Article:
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The grand final might have been Jarrad Schofield’s last as Subiaco coach.

 

There will be changes at Subiaco next year as there always is – only 14 of this year’s premiership team playing in the 2017 losing grand final – and coach Jarrad Schofield may move into the AFL. However the well-resourced club is very good at replenishing its supplies and anyone looking to challenge them will need to improve too.

 

Subiaco 19.13 (127) West Perth 7.4 (46)

 

Reserves: Subiaco 11.11 (77) East Perth 9.5 (59)

 

Colts: Subiaco 9.10 (64) Swan Districts 9.8 (62)

 

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There was kick-to-kick on the Perth Stadium surface after the game. Subi dominated that too.

 

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About Les Everett

A Footy Almanac veteran, Les Everett is the author of Gravel Rash: 100 Years of Goldfields Football and Fremantle Dockers: An Illustrated History. He is the footyalmanac.com WAFL correspondent and uses the money he makes from that role to pay for his expensive websites australianrules.com.au and talkingfrankie.com and fund the extravagant Vin Maskell at scoreboardpressure.com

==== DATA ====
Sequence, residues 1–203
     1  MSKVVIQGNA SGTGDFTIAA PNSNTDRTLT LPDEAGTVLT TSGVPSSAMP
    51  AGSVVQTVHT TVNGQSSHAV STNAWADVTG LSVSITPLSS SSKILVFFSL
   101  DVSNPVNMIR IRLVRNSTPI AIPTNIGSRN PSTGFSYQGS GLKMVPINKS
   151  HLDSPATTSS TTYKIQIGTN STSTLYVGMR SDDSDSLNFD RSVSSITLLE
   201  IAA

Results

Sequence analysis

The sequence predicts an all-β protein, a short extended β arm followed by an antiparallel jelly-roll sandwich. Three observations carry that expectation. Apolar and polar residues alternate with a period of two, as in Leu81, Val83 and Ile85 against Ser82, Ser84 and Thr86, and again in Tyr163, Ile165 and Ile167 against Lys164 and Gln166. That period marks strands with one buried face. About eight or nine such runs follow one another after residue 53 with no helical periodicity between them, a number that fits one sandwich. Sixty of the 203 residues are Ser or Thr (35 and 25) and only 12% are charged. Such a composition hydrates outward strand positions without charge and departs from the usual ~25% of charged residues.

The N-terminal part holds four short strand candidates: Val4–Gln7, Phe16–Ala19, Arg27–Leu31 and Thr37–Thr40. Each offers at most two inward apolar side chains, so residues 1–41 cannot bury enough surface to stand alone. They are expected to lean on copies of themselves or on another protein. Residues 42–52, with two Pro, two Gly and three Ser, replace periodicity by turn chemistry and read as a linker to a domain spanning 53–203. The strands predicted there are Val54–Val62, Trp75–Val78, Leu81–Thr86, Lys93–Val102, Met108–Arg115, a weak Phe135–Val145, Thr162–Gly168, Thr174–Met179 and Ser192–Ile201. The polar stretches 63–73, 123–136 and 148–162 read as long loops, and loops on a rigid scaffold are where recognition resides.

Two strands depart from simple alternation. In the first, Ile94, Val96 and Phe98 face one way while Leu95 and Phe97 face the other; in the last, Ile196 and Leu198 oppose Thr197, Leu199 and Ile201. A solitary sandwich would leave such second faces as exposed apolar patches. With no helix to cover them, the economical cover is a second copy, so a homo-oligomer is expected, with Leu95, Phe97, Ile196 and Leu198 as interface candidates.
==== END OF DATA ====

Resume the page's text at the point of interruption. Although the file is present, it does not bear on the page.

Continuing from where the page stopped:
Comments

  1. george smith says:

    Congratulations Subiaco, the little club that could, after one of the longest droughts in football, 1924 to 1973, they became a regular winner in a way that I could only dream about for my heartbreaking team of Magpies.

    My father was a keen Subiaco supporter, he also taught me to appreciate the interstate dog in the fight, when Collingwood or his team Melbourne wasn’t playing.

  2. John Butler says:

    Onya Les.

    Interested in your thoughts on how the new stadium has affected WA footy this year. Any noticable impacts?

    Cheers

  3. Les Everett says:

    John it was bold move to place the stadium in a location only accessible by public transport in the famed City for Cars. But the train and bus service has been excellent and might just show some people that you can take a train or bus on other days too.